Measurement Challenge: Specification and Design
‘Measurement is not an end in itself …’ might seem to be a paradoxical way of introducing a book about measurement. But measurement is important to the majority since it gives objective evidence on which to base decisions. The need for quality-assured measurement has evolved and widened over the centuries. Quality-assured measurement remains a topic of burgeoning and increasingly multidisciplinary interest.
This book will deliberately not follow the many exposés already in the literature which set the subject of measurement in a historical context, however evocative that may be. In-depth accounts of how the ancient Egyptians or bold navigators struggled when pioneering quality-assured measurement will be mostly left to others to present.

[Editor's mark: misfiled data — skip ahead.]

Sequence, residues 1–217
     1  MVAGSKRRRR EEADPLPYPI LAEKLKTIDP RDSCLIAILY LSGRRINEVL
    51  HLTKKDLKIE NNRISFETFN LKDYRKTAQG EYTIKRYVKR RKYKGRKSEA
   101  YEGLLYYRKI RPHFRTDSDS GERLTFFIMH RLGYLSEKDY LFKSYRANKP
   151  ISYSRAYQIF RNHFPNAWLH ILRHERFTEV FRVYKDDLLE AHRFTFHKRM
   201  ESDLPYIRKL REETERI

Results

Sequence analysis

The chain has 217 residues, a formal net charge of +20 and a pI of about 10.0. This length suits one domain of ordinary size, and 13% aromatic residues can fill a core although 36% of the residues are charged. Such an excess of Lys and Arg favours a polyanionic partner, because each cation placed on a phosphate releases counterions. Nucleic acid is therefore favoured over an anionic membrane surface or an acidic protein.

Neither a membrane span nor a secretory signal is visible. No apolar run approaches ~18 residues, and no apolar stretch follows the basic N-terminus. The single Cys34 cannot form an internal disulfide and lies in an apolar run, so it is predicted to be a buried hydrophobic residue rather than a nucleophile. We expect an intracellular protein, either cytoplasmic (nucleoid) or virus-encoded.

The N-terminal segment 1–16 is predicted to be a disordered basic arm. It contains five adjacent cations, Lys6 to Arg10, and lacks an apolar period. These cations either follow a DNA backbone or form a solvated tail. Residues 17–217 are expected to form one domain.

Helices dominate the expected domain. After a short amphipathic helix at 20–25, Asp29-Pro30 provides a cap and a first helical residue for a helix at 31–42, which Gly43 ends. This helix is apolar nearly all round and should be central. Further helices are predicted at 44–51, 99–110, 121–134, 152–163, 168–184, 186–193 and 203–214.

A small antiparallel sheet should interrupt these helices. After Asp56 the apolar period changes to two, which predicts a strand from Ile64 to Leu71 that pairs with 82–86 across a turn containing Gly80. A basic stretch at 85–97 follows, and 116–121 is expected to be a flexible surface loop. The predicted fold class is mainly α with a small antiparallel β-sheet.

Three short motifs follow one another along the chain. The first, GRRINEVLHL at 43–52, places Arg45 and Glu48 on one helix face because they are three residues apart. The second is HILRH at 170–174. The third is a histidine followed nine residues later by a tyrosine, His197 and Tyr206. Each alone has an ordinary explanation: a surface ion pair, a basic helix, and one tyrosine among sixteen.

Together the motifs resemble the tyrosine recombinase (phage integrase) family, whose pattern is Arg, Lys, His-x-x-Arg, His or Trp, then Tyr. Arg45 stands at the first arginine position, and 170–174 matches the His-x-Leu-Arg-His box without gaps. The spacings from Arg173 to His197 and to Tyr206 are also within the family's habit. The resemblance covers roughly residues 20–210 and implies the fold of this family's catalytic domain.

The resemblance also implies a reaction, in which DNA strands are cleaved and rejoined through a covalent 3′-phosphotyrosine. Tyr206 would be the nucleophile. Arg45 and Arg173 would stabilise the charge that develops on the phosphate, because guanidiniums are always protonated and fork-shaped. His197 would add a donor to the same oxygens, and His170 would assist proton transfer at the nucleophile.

There is a need and a challenge to formulate a unified view of measurement. To this end, most of this first chapter of the book—as well as the last—will paradoxically not deal directly with measurement, but rather the objects—products, services, concepts, etc. and their characteristics—which are the concern of many people, who then ask metrologists to measure them. The first and last chapters thus provide object-related ‘bookends’—supporting a description of quality-assured measurement which is the central issue.
Presenting measurement in relation to objects will allow measurements to be anchored in relevance and interest for third parties. As it turns out, the approach also provides the key to a unified presentation about quality-assured measurement across social and physical sciences where objects are probed by man as a measurement instrument.
This chapter, as for most chapters in the book, concludes with templates provided for the reader to complete the corresponding sections of the measurement task for their chosen case.
KeywordsProduct Quality assurance 3rd party interests Measurement Unified Multidisciplinary Social science Physical science
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